Bushy plants bear showy, red-purple pea-like blooms age to rich purple in March-June. Ephemeral, dying back in August when you can cut it back. Spring gem.
Size: 12” x 12” Care: sun in north to shade in south, moist well-drained soil. Drought tolerant once established Native: No. Europe - Siberia Awards: Royal Horticultural Society Award of Garden Merit, Elisabeth Carey Miller Botanical Garden Great Plant Picks
Introduced to gardens before 1629. Parkinson called it “Blew Everlasting Pease.”
Buxus microphylla var. koreana syn. B. sinensis var. insularis
Size: 24” x 30” Care: Light to Part shade in well drained, alkaline soil. Do not crowd with other plants, roots prefer no competition. Fertilize regularly for dramatic growth. Prune in early spring. Unlike English boxwood this can be pruned back hard. One of a few shade tolerant evergreens and deer resistant too. Also the most hardy Boxwood.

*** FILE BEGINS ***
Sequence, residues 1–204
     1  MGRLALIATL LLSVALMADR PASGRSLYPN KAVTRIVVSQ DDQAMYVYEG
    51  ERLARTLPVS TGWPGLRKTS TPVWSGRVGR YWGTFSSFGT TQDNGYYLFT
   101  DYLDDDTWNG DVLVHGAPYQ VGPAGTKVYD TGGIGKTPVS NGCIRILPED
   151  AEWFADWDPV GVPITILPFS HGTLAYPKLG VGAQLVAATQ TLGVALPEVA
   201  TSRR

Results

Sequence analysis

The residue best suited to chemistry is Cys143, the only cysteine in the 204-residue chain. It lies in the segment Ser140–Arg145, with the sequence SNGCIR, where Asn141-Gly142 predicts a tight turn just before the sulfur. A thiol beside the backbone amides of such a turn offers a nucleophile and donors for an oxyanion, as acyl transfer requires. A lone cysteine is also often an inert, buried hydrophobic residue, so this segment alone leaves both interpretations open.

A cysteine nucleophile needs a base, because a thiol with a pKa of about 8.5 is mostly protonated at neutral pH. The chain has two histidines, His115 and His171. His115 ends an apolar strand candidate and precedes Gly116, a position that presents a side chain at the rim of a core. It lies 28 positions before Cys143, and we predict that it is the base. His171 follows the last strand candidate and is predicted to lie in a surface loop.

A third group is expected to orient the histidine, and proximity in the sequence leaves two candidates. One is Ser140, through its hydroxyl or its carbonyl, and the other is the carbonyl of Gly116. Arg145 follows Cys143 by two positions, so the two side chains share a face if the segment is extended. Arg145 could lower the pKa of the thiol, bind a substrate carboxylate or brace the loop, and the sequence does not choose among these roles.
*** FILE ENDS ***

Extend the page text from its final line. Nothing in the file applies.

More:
Introduced from Asia to American and European gardens around 1900 by Ernest Henry “Chinese” Wilson (1876-1930) who scoured Asia for plants.
Size: 4” x 4” Care: sun in well-drained to moist well-drained soil Native: Alps & Pyrenees Mountains
Grown in gardens for thousands of years. Sempervivum means “live forever.” Romans planted Hens and chicks on their roofs to ward off lightning. As a succulent it holds water and is probably more difficult to catch fire. “This practice was preserved for historians when Charlemagne (720-814), first Holy Roman Emperor and unifier of a large part of northern Europe, ordered that all villagers within his crown lands plant houseleeks on their roofs, presumably as a safety measure. He decreed: Et ille hortulanus habeat super domum suam Iovis barbam. (And the gardener shall have house-leeks growing on his house. Capitulare de villis, about 795, LXX.)”